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Shutdown Watch-Day 14: Headed down to the wire (again)

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Good Morning! Today is a federal holiday, but that doesn’t mean much to hundreds of thousands of furloughed federal employees as the partial government shutdown enters its third week. According to a message from one agency leader, the Office of Personnel Management has said this is an unpaid furlough day both for non-excepted and excepted employees unless they are required to report to “perform excepted functions.”

And about ending that shutdown . . . Sunday produced lots of saber-rattling and zero tangible evidence that a deal is in sight, either on reopening the government or raising the $16.7 trillion debt ceiling, with just three days now remaining before the Obama administration says it will run out of emergency borrowing authority.

Nonetheless, Senate Majority Leader Harry Reid, D-Nev,. sounded an upbeat note, saying that he had  a “productive conversation” with Senate Minority Leader Mitch McConnell, R-Ky. “Our discussions were substantive, and we will continue those discussions,” Reid said on the Senate floor, according to the Congressional Record. “I am optimistic about the prospects for a positive conclusion to the issues before this country today.”

The stock market seems a bit dubious, with the Dow Jones Industrial Average and other major indices all initially down this morning.

But if this fight originated in Republicans’ insistence on defunding implementation of the Affordable Care Act, (aka Obamacare), the battlefield has now expanded to encompass Democrats’ demands to soften or eliminate this fiscal year’s looming sequester-related budget cuts. Absent any congressional action to rewrite the 2011 Budget Control Act, the next round of reductions is likely to hit in January. McConnell is open to including changes in a debt ceiling increase, as long as the end result doesn’t raise overall spending levels and doesn’t involve a tax increase, according to an aide.  But opening a new front in the conflict may make it that much harder to resolve, particularly with time growing short before a possible debt default.

Speaking on “Fox News Sunday” yesterday, Sen. Bob Corker, R-Tenn., warned that Democrats are “on the verge of being one tick too cute.” Just as the Republican-controlled House overreached in seeking to undo the health care law, Democrats are overreaching “as they see the House possibly in disarray,” Corker said.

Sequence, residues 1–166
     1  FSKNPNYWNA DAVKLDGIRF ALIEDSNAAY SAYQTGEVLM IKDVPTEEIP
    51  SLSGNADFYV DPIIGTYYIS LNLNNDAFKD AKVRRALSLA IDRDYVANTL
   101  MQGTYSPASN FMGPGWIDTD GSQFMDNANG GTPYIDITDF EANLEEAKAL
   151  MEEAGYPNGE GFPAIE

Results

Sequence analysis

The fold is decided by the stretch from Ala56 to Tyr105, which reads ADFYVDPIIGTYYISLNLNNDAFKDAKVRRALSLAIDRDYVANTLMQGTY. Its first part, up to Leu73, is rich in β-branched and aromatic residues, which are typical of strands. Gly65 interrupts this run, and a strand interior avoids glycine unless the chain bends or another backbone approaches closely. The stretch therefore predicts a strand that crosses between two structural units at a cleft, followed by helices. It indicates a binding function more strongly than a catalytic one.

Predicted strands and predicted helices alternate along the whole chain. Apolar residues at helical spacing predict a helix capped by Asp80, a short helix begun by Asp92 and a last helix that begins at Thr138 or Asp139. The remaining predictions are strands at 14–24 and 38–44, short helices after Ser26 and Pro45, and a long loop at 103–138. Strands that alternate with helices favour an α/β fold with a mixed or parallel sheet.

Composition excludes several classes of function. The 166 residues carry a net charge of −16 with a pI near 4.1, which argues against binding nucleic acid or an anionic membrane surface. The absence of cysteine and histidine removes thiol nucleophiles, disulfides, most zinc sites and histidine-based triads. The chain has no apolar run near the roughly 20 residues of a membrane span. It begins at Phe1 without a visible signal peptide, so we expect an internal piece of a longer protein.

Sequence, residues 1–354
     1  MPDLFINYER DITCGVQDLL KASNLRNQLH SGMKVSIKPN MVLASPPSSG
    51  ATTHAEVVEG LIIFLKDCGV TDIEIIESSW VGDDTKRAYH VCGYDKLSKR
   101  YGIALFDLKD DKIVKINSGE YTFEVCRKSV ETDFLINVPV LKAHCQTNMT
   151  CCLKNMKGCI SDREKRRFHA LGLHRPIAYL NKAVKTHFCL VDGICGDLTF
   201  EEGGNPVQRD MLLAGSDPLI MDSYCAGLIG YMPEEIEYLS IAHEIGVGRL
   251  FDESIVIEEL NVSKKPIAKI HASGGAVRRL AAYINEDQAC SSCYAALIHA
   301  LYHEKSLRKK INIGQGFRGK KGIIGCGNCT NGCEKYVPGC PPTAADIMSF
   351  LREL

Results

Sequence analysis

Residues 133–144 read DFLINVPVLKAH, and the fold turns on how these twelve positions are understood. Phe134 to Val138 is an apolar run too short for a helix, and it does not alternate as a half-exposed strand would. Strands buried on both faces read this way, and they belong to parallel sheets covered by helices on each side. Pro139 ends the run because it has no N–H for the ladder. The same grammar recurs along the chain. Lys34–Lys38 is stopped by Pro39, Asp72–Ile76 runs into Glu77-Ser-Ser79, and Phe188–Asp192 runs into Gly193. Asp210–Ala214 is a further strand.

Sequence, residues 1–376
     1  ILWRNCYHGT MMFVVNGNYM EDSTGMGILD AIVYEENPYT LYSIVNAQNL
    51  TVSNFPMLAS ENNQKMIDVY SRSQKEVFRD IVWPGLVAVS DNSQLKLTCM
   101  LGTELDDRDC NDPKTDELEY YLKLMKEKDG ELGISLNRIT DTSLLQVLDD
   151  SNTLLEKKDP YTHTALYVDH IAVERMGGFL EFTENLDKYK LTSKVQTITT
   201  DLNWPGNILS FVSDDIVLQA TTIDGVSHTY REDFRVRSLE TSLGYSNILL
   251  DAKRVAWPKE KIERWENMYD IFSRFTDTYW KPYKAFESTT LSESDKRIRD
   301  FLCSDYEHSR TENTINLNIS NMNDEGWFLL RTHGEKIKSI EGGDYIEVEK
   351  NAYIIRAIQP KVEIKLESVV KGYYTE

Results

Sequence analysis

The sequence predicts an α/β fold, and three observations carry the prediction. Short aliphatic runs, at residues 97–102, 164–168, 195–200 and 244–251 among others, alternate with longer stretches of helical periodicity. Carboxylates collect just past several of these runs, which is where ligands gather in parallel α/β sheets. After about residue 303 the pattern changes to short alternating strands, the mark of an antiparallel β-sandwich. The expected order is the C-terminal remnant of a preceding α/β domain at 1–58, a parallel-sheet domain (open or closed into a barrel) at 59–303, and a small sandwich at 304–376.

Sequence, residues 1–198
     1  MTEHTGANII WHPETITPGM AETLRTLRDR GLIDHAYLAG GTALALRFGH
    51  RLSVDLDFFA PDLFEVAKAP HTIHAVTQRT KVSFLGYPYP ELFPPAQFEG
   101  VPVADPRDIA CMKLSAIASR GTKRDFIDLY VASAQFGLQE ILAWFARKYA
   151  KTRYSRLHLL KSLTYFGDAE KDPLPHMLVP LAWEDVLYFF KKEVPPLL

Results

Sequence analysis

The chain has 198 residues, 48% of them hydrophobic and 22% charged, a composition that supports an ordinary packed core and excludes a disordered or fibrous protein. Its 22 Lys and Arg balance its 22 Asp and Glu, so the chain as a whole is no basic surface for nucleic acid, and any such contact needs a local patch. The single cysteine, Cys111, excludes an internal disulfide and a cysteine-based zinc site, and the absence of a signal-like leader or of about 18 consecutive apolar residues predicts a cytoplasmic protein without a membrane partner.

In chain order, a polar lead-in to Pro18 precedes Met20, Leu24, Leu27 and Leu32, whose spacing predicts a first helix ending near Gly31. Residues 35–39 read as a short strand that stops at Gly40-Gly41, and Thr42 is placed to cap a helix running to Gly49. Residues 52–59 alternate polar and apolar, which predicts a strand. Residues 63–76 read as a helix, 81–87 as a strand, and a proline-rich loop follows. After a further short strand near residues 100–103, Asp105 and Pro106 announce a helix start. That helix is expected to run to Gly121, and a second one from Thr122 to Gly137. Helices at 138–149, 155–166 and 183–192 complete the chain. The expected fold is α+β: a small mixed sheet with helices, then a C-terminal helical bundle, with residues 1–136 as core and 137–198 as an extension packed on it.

The upshot (hold your breath): A final deal may involve a short-term continuing resolution to reopen the government and buy time for talks on a broader budget agreement. According to The Wall Street Journal , Reid sounded out McConnell on a CR that would run through mid-December at current spending levels, accompanied by an approximately six-month debt limit increase. In our deadline-driven political system, the expectation is that all sides will come together in time to stave off catastrophe (think August 2011). But assuming that the Senate can pass the usual stop-gap bill, the measure still has to get through the House, long-time budget watcher Stan Collender noted today in a Tweet. “No guarantee at all House GOP will follow even if [the Senate[ vote is 100-0,” Collender wrote.

In other news:

The Federal Housing Administration is calling on mortgage lenders to be sensitive to financial hardships facing federal employees and contractors subject to furloughs, layoffs or lost income stemming from the shutdown. That advisory comes as many, if not most, feds receive smaller than usual paychecks because of the shutdown.

The National Association of State Budget Officers (in case you thought the spending stalemate only affects feds) puts out a brief on what the shutdown means for state governments.

The American Federation of Government Employees warns that this week will be a “critical turning point” for many of its members as their paychecks run out.

Any major developments we’ve missed, particularly in regard to agency news? Let us know with an email to shutdownstories@federaltimes.com

 

 

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